Rethinking Asynchronous JavaScript

Event Channels

Kyle Simpson

Kyle Simpson

You Don't Know JS
Rethinking Asynchronous JavaScript

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The "Event Channels" Lesson is part of the full, Rethinking Asynchronous JavaScript course featured in this preview video. Here's what you'd learn in this lesson:

Kyle spends a few minutes explains how CSP can be applied to DOM events. He also demonstrates how he uses CSP inside of the Asynquence library.


Transcript from the "Event Channels" Lesson

>> [MUSIC]

>> Kyle Simpson: Member are from a vent friend from the reactive side. Here's how we could set up an event that listens for Dhamma vents. I mean a channel that listens for dominance. I set up a channel on line two I attach a click handler to it and you notice on line 4, I call put Async.

Why am I not calling put? Well, cuz I'm not inside of a generator right now. I'm inside of a click handler, which is a plain old normal function. That putAsync would return me a Promise if I wanted to listen to be told that the put had completed. But maybe I don't care whether it completes.

I'm just gonna put the event object into the channel. And then there is a real legitimate go routine that's waiting to hear for that message on line 12 he's trying to take from that channel. So he just spinning in a while true loop and each time you click that or each time you do that event.

I'm going to take I'm going to get notified by that by being able to take from the channel and I'm gonna print it out. So what event am I doing, mousemove. But what this means is every time the mousemove event fires as I move my cursor around on this element, I'm gonna send a message down the channel that's the event object and print out the x, y location in the console.

So we gonna adapt to user interface elements by having our events fire and pushing things down a channel. Does line 4 look an awful lot like what we did with observables? We had a stream and we were pushing events into a stream and somebody else was taking the events off the stream and observing them.

Is very similar concepts here. The major difference between what we're modeling here and what we model with observables major difference is back pressure, cuz we can model that I don't want you to send me anything else until I'm ready to take it. That comes for free. We don't have to do any extra work.

We don't have to convert our observable from hot to cold to signal that, or anything crazy like that. We just don't take from the channel and that's an automatic built in back pressure.
>> Speaker 2: So when you do take would you get the most recent mouse event? Or would you get it?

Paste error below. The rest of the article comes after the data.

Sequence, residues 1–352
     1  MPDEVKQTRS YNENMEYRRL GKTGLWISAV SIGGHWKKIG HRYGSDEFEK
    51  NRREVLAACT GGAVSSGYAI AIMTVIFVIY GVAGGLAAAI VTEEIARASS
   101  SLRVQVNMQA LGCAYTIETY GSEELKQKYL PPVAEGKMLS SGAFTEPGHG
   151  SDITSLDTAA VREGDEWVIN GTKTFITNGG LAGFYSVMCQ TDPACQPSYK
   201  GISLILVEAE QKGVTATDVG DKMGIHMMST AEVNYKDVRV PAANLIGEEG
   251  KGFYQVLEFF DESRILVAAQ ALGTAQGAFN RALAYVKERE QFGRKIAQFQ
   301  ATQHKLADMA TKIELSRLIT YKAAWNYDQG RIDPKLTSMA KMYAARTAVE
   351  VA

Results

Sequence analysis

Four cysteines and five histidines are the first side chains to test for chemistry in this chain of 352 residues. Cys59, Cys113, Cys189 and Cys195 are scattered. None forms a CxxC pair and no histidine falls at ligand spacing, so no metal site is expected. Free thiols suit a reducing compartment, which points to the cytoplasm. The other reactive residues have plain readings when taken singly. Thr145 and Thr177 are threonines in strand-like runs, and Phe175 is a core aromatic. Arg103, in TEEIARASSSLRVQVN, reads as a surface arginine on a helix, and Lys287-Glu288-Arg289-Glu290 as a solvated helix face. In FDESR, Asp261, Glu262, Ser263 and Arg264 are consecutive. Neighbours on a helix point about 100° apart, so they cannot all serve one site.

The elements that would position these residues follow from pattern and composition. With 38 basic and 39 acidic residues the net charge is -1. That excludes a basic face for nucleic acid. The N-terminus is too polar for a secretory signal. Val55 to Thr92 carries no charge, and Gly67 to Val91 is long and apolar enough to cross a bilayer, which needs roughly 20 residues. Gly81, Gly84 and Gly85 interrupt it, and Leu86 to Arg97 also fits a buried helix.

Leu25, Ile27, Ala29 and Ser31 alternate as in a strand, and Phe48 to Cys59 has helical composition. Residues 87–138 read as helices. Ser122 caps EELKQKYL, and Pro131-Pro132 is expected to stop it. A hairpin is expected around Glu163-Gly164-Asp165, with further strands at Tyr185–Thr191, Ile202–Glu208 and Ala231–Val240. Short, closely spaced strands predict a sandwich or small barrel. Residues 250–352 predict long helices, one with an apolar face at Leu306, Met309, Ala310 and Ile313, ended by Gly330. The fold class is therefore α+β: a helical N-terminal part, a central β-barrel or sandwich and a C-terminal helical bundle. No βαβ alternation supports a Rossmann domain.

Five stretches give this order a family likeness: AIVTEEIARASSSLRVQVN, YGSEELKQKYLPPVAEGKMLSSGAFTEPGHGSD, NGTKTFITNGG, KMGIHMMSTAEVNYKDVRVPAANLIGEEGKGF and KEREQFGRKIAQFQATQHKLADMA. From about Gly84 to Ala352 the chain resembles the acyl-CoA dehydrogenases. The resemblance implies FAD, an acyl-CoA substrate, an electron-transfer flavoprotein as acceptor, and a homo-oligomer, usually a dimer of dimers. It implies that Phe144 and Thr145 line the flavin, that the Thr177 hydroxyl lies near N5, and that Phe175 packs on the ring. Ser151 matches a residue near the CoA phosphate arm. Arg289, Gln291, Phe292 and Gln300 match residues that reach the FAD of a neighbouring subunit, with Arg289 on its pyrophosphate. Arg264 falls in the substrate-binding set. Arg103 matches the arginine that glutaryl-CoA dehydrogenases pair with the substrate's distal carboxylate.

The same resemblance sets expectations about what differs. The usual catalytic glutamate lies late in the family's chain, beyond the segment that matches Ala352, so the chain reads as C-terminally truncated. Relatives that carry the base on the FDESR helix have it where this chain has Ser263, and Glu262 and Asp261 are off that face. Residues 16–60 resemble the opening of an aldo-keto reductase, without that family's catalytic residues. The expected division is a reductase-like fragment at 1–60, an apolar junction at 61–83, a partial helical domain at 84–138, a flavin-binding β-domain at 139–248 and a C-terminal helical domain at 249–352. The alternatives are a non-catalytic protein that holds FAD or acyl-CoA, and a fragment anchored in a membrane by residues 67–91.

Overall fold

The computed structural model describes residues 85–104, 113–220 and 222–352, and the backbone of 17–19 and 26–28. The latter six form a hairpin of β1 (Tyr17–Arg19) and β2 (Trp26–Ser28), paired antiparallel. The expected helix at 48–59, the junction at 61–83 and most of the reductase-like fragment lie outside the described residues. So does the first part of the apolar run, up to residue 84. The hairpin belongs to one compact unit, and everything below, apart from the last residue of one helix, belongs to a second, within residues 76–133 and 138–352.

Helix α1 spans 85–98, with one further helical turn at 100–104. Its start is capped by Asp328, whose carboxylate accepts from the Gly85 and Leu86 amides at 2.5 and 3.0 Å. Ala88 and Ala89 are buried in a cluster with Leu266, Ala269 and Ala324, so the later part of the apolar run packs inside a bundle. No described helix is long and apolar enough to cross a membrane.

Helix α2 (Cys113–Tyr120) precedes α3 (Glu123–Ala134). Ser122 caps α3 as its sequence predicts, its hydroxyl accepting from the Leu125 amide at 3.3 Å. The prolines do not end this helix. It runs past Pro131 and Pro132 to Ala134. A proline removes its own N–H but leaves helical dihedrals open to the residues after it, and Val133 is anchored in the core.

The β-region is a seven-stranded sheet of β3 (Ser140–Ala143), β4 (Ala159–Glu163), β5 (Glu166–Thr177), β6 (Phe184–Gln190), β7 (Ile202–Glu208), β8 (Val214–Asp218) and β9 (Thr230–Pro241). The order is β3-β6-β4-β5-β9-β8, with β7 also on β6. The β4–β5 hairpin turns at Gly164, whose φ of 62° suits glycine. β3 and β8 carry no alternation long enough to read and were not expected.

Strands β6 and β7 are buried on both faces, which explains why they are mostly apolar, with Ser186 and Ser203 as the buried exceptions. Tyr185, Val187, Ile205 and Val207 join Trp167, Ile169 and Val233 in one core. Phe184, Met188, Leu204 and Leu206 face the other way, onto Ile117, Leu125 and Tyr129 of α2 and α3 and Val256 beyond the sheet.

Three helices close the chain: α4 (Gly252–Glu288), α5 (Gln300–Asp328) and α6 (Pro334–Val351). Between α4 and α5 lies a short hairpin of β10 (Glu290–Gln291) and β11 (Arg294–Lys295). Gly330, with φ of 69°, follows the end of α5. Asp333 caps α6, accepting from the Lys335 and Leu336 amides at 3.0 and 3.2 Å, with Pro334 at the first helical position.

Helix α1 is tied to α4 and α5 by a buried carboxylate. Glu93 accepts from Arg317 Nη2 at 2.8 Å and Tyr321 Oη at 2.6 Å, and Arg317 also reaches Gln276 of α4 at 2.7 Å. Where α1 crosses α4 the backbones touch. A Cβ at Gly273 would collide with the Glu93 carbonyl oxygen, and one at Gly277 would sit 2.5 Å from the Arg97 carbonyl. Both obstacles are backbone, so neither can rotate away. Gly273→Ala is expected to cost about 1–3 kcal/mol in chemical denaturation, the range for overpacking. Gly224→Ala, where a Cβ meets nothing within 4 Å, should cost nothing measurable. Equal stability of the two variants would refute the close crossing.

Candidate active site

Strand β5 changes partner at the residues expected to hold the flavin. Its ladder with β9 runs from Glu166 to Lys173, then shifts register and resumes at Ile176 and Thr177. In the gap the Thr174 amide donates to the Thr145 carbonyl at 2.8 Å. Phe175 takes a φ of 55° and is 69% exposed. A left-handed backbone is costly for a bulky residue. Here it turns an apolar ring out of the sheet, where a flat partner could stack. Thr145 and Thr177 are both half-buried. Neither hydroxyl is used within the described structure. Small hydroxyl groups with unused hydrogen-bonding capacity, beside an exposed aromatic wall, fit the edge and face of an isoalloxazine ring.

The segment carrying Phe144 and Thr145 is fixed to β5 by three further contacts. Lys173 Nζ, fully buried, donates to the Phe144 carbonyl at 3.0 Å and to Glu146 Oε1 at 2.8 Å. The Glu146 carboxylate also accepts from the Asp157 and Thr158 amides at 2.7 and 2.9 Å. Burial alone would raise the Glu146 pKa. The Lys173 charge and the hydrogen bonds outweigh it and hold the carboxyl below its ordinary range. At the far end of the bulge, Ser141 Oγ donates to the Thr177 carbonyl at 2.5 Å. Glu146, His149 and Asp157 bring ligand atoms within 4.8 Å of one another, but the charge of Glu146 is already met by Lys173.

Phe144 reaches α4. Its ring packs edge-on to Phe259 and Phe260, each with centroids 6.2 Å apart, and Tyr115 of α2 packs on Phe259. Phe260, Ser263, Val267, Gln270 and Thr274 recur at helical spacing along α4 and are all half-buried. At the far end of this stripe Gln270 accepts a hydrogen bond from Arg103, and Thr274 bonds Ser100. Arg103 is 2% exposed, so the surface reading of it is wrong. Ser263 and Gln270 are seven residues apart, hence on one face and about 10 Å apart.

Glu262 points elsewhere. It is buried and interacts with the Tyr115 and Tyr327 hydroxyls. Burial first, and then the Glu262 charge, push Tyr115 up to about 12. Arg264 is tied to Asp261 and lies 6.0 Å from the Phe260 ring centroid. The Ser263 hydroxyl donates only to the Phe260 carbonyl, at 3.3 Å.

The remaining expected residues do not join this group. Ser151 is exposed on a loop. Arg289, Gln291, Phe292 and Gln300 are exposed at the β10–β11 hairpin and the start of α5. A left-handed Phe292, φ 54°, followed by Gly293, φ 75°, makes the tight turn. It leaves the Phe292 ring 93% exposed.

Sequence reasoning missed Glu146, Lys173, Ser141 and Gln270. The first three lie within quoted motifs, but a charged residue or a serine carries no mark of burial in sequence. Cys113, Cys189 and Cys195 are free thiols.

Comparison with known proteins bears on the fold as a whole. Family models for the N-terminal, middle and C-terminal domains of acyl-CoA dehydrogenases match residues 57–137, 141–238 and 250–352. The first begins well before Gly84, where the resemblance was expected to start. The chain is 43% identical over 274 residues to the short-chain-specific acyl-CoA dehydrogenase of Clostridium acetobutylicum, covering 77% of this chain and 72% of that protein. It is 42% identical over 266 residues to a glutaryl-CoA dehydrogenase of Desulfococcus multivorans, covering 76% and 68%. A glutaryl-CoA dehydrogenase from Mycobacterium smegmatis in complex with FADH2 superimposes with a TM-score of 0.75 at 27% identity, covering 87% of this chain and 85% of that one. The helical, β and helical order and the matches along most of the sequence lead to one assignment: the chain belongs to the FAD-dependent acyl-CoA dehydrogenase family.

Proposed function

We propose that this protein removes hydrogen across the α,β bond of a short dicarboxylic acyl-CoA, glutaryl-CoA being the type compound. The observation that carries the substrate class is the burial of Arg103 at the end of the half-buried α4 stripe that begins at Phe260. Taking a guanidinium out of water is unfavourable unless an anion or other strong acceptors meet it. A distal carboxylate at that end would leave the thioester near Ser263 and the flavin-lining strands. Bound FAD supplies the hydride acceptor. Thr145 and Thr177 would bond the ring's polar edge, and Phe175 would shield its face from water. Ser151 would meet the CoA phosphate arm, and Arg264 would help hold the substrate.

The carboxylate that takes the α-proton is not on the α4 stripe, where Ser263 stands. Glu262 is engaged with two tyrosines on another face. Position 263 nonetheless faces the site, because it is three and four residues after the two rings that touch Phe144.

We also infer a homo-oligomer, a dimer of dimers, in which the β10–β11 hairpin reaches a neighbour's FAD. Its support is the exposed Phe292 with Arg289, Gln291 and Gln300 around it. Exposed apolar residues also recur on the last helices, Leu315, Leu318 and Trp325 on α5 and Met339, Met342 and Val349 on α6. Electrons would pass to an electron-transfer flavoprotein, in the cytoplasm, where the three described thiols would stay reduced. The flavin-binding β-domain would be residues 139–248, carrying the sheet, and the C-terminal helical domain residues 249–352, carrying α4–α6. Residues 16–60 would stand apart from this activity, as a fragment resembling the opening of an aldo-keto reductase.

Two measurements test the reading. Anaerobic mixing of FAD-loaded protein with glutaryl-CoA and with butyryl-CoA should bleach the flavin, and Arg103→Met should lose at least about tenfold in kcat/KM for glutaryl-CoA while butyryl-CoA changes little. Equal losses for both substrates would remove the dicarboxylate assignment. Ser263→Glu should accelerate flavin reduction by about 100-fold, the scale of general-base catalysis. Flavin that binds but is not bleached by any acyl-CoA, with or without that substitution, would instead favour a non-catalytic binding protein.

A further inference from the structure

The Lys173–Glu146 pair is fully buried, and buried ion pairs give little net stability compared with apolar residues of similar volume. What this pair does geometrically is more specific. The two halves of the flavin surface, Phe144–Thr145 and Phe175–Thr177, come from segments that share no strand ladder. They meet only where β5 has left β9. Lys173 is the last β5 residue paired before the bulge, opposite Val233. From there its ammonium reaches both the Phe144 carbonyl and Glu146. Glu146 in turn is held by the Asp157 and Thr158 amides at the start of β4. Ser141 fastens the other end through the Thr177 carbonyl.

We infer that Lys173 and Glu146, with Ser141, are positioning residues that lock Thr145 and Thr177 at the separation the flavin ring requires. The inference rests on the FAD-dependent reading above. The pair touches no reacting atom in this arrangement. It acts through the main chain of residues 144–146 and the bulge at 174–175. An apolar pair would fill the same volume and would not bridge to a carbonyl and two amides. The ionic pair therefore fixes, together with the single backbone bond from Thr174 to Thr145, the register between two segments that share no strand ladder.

>> Kyle Simpson: Yeah, in this case?
>> Speaker 2: Yeah.
>> Kyle Simpson: Every time the event fires, we're going to be putting something into the stream. So you'd be taking them as fast, and they could be piling up faster. But you notice we don't have any timeouts here, so we're going to take them as fast as we possibly can.

>> Speaker 2: So putting putAsync then overriding the previous one, is that the idea?
>> Kyle Simpson: No.
>> Speaker 2: If you're not matching every single one, right?
>> Kyle Simpson: So every time it's going to try to put onto the channel, it's going to say I can't put onto the channel yet because somebody is not ready to take it yet.

So I'm going to have, let's say a bunch of mouse moves happened, a 100 mouse moves happen, but the go routine had never fired a take yet. I have 100 separate waiting Promises that were all in order going to try to push their event down the stream but none of those events had been put on the stream yet until the first take happens.

So if I move my mouse real fast and then this go routine happen. He would get all of those events and print out all 100 of them. That's not throwing any events away. It's important to note that some of the things here don't map perfectly to observable so for example throwing away messages that we don't care about you're going have to use something like alts.

If you want this notion of being able to have channels that you're not that you're sending stuff down that nobody is on the other end listening to. You can make channels into having a buffering mode so channels can have more than buffer size one. So you could make them buffered and say I want to take ten of that sort of time before I start listening.

Lots of variations.
>> Kyle Simpson: Just real quickly, just show you, CSP. I ported the same mechanism into asynquence, again, so you don't have to go learn some other library. You can do it all with the same library. You put go routines into runner. That's how you do it. So I have ASQ., basically ASQ.

In front of every one of those things that you've already seen. It's the exact same APIs that are in the library but the namespace has ASQ. in front of all of them. Otherwise, it's exactly the same concept.
>> Kyle Simpson: I almost skipped over an important detail. Remember you were asking earlier about global variables.

I don't like the notion of having global variables. So I automatically created a channel for each go routine. There is one channel created that they all get reference to. So they automatically have at least one channel that they can all communicate on. And if you wanna make more channels you can make channels and send them over the channel.

So you don't have to use any global variables at all. That's one difference with my implementation versus the others.
>> Speaker 3: In case, this ch is created for free or-
>> Kyle Simpson: It's created automatically by async ones.
>> Speaker 3: Not created somewhere else?
>> Kyle Simpson: No it's created passed in for you.

Because the assumption is every body is gonna need at least one channel so let's go and create want to give it to you, instead of making you make your own.

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